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Malaria in Pregnancy Bill Brieger | 08 Oct 2013 12:56 am

Jhpiego at MIM2013 – Persistence of Malaria in Pregnancy as Rwanda Targets Pre-Elimination

Rwanda MIP aWilliam Brieger, Corine Karema and Beata Mukarugwiro from Jhpiego/MCHIP and the Malaria and Other Parasitic Diseases Program of the Rwanda Ministry of Health reported on the prevalence of malaria in pregnancy in Rwanda as the country moves toward elimination at the MIM2013 6th Pan-African Malaria Conference in Durban.

Through universal coverage of long-lasting insecticide treated nets and access to artemisinin based combination treatment Rwanda has achieved a national malaria prevalence estimated at 1.4% among children aged 6-59 months and 0.7% among women aged 15-49 years (2010 DHS). Slide positivity rates at health centers have dropped over 85% since 2005, and yet malaria persists.

Pregnant women remain vulnerable. While Rwanda no longer practices IPTp, it is interested in offering the best malaria protection to pregnant women. In order to plan appropriately, there was need for a malaria in pregnancy prevalence study.

Pregnant women were studied at first ANC registration in 38 health centers in two districts each of low, moderate and relatively higher malaria transmission areas (as determined by health information system laboratory reports) using microscopy, rapid diagnostic test (RDT) and polymerase chain reaction (PCR). Ethical clearance was provided by the ethical review board within the Ministry of Health.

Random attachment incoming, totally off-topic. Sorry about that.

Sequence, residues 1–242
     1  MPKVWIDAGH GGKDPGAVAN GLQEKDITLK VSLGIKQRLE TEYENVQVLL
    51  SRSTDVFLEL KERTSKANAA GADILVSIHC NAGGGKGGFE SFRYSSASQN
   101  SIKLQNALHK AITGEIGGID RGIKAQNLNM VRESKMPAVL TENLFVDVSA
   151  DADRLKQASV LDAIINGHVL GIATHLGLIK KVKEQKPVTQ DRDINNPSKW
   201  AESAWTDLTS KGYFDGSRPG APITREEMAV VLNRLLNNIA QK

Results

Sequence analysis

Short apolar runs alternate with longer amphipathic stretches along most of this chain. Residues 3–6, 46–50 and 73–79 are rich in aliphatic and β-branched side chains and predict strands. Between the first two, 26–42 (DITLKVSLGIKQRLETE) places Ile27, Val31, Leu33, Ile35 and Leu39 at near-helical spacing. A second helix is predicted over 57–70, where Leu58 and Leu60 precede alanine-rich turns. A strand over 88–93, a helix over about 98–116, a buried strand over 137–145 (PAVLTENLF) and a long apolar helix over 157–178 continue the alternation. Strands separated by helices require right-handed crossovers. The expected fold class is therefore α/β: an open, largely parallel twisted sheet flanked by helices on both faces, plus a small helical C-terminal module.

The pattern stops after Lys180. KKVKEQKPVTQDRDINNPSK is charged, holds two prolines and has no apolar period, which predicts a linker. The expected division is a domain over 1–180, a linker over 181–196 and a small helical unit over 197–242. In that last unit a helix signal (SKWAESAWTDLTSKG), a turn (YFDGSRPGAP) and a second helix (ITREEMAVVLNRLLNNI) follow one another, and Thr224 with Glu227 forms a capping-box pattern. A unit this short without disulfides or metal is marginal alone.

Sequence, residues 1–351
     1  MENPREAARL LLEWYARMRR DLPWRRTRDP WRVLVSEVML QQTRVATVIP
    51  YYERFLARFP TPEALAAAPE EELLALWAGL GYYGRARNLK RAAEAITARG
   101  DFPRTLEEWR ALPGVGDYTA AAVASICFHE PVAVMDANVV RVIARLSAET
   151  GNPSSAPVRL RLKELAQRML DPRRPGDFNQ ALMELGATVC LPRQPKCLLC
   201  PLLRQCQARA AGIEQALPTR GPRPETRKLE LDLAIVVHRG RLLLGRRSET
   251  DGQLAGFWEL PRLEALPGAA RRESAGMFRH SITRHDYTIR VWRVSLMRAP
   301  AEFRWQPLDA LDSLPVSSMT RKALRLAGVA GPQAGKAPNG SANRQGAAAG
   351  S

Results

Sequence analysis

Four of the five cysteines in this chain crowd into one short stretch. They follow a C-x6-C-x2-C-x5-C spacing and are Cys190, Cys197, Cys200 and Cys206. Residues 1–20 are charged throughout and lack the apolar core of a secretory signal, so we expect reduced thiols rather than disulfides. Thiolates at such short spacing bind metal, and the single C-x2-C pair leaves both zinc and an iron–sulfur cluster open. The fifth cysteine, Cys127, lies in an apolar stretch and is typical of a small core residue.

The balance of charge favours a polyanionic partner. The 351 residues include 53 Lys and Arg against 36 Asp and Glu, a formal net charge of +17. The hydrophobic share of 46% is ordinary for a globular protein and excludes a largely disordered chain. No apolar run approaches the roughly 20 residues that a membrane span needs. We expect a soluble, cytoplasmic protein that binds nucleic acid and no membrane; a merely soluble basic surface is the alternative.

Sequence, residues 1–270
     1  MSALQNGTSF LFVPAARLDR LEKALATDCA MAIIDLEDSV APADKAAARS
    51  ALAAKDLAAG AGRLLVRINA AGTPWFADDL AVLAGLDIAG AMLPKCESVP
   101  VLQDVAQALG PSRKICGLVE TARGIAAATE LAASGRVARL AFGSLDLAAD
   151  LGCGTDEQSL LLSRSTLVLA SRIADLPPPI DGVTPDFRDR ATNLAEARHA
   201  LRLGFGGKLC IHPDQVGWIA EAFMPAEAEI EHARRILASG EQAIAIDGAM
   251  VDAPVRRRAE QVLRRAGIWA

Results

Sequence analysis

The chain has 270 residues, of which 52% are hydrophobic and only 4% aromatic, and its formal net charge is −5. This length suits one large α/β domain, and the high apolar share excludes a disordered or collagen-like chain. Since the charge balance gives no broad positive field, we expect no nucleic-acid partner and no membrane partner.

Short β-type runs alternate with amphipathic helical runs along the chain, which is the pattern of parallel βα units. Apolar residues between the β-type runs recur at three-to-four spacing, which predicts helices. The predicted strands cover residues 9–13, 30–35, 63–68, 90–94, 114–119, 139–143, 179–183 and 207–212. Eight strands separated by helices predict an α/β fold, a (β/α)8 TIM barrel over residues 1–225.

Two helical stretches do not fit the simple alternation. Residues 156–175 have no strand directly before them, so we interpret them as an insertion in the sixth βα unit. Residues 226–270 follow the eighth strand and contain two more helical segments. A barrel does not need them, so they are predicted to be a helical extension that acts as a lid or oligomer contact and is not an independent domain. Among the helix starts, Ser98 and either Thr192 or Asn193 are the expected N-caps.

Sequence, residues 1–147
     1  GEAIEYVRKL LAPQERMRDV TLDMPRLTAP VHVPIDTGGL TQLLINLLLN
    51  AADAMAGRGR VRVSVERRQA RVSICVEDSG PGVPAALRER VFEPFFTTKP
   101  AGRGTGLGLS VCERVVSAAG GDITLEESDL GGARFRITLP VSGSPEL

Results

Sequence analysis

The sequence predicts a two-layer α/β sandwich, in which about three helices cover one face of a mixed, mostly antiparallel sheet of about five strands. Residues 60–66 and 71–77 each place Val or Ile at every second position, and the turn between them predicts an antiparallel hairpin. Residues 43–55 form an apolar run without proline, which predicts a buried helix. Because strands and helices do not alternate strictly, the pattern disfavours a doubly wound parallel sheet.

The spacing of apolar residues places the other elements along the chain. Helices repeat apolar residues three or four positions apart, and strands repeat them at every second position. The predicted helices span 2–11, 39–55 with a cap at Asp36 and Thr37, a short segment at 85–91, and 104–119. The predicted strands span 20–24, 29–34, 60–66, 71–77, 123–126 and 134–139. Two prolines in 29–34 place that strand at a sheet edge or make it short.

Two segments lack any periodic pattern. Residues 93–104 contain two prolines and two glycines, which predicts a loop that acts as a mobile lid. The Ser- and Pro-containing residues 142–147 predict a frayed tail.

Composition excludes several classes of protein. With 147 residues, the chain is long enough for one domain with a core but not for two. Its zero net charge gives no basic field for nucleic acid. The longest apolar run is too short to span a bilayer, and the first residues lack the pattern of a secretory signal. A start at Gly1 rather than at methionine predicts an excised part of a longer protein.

ANC staff were trained to obtain data during normal client visits. RDTs were performed by the ANC staff. They also prepared blood slides to be analyzed in health center laboratories and PCR papers that were analyzed at the Johns Hopkins Bloomberg School of Public Health.  Information on parity, age, bednet use, anemia, HIV status and fever were normally collected for ANC records and also recorded on project data forms.

Among 3,781 women studied, malaria prevalence with microscopy was 1.6%, RDT was 2.4%, and PCR was 5.6%. Negative tests were associated with LLIN use the night before. Positive tests were associated with anemia, but none of the other variables. The highest positivity for all three tests (4.5%, 6.9% and 12.5% respectively) was in the designated high prevalence districts on the eastern border of the country.

Results show that even with low apparent levels of malaria, health services need to continue to protect pregnant women and their unborn children in Rwanda through consistent use of LLINs and identification and tracking women with anemia. Cross-border collaboration will also be needed to prevent reintroduction of the disease as the country moves towards elimination.

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